DeSoto Square mall closed, but Hudson’s Furniture open
When Hudson’s Furniture moved into an empty Dillard department store in DeSoto Square in 2014, two more anchors occupied the mall.
But Sears closed in 2019 and is now home to Go Store It Self Storage. JC Penney graduated a year later.
Now the DeSoto Square shopping center itself is closed as the owner applies for funding to redevelop the property.
Despite the mall’s closure, Hudson’s furniture remains open and owner Fred Hudson said Thursday the retailer would not be going anywhere.
“It was a very good deal for Hudson’s and we’re trying to buy the property right now,” said Hudson, 65.
When news broke last week of the mall’s closure, Hudson general manager Chet Ballenger told the Herald that Hudson’s “owners are 100 percent committed to staying open at DeSoto Square mall. Our business has been phenomenal and we are actually hiring. “
Sep 24, 2020 – Despite the closure of the DeSoto Square shopping center, Hudson’s Furniture will remain open. Owner Fred Hudson said Thursday the furniture retailer was going nowhere. Bradenton Herald File Photo
Fred Hudson repeated this commitment on Thursday.
“We’ll stay in Bradenton no matter what,” said Hudson, who founded the company in 1981 and has 18 stores along the I-4 corridor from Ormond Beach to Bradenton and Sarasota.
The 110,000-square-foot space has two exterior entrances independent of the mall and provides 120 community workplaces, Hudson said.
11/17/2018 – Despite the closure of the DeSoto Square shopping center, Hudson’s Furniture will remain open. Owner Fred Hudson said Thursday the furniture retailer was going nowhere. Bradenton Herald File Photo
Hudson’s Furniture is the only bright spot in an otherwise bleak downward spiral of lost business after Meyer Lebovitz bought New York’s 303 301 Blvd mall. W., April 2017 for $ 22.8 million.
Shortly after the acquisition, Lebovitz announced that he had extensive plans to revitalize the mall, but they were not implemented. In 2018, lender Romspen US Master Mortgage LP, a Cayman Islands limited partnership, filed for foreclosure on the property. The mall owners failed to repay $ 21.7 million of the due loan.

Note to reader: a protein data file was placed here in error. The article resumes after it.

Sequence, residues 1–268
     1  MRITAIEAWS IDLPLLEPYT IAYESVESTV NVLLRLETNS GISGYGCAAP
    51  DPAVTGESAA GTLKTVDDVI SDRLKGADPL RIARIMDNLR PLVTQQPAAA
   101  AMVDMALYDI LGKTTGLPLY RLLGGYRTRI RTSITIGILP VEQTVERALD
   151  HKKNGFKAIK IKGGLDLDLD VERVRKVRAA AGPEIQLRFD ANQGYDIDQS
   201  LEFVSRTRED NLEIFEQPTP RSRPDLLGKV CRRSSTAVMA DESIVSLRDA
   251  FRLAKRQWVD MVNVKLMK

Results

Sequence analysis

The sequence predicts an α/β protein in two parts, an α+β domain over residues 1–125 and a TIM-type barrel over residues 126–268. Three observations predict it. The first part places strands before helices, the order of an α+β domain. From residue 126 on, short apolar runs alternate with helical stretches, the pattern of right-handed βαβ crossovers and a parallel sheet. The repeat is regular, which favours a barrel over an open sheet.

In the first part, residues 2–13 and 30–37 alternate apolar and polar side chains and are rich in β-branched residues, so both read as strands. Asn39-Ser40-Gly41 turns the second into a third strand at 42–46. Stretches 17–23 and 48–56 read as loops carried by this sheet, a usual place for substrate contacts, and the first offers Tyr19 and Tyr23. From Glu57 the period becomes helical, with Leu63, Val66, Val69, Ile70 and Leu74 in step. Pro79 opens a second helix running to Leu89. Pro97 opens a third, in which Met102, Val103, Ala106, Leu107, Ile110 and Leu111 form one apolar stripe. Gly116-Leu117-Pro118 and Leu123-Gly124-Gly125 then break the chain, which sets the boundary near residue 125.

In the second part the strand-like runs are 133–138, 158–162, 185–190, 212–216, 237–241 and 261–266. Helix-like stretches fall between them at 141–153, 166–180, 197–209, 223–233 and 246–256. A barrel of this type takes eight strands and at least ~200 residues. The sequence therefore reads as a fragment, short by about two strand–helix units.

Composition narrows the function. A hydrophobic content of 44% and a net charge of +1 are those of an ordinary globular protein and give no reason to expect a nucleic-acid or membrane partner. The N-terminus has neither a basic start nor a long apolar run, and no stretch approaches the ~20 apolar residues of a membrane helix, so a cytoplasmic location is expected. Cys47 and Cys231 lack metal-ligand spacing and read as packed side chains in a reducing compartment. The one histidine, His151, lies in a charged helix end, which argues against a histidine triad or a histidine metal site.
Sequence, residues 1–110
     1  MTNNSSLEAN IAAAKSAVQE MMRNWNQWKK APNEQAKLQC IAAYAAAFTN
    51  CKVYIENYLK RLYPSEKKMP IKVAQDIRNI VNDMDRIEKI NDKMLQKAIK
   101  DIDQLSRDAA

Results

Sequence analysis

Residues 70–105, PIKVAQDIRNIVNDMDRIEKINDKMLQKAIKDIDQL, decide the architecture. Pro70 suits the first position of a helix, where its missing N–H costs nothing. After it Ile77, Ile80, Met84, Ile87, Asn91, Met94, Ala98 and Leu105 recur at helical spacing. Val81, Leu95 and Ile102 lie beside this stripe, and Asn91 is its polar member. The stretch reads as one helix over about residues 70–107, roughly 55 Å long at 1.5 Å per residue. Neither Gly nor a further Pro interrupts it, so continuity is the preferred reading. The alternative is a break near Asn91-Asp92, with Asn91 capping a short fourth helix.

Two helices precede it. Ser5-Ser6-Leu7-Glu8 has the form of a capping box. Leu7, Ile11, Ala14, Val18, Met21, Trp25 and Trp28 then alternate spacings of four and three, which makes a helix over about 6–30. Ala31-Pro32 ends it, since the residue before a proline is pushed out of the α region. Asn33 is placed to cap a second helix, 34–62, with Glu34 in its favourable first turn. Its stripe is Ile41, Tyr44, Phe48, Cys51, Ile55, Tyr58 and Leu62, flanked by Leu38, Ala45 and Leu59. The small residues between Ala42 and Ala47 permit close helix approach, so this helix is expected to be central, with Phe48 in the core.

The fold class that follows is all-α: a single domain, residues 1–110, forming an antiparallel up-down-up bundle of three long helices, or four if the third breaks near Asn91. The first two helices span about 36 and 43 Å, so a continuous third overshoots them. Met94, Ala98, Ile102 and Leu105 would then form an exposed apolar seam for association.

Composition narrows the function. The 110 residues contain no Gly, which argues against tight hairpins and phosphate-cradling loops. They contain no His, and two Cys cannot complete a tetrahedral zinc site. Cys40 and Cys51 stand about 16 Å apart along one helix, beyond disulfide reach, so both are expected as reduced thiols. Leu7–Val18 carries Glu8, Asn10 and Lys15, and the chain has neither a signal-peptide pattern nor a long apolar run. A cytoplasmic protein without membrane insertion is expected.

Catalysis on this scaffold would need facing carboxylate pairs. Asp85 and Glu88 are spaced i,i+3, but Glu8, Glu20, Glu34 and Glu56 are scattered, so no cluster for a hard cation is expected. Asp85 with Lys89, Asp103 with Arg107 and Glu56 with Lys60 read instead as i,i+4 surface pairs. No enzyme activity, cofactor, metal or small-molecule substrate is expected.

“They made it extremely difficult from day one,” said Hudson of the malls’ owners. “Meyer Lebovitz came to meet me several times and got up every time.”
Mall owners have another day in court on June 14th and are expected to report if they have been able to raise the money to renovate 57.86 acre mall property.
Those plans, outlined in a November 22 memo to Manatee County Building Services, see a 128,514-square-foot retail lifestyle center, 40,000-square-foot grocery store, 90,000-square-foot office space, and a total of three retail stores in front of 16,250-square-foot and over 500 Residential units.
“It is expected that the DeSoto Square Mall refurbishment project could take up to 10 years to fully expand and involve multiple builders / developers involved in different parts of the project,” said Kimley Horn, the company that designed the proposal Redevelopment project, wrote in the note.
“The proposed development requires the complete removal of the existing mall and infrastructure under the control of the applicant (excluding Sears) in order to accommodate the new development,” the memorandum reads.
Hudson is closely monitoring the bankruptcy process. If the mall owners can’t find funding for their redevelopment plans, the case is expected to be returned to foreclosure so the property can be sold.
If the property has foreclosure, “we’ll be fine,” said Hudson.
James A. Jones Jr. reports on business news for the Bradenton Herald. Drafted into the army in 1966, he served as a signal officer during the Vietnam War. He is the author of “Oh, Darling!” Decisions and struggles in the age of Sputnik, in the Vietnam War and in the new millennium. “
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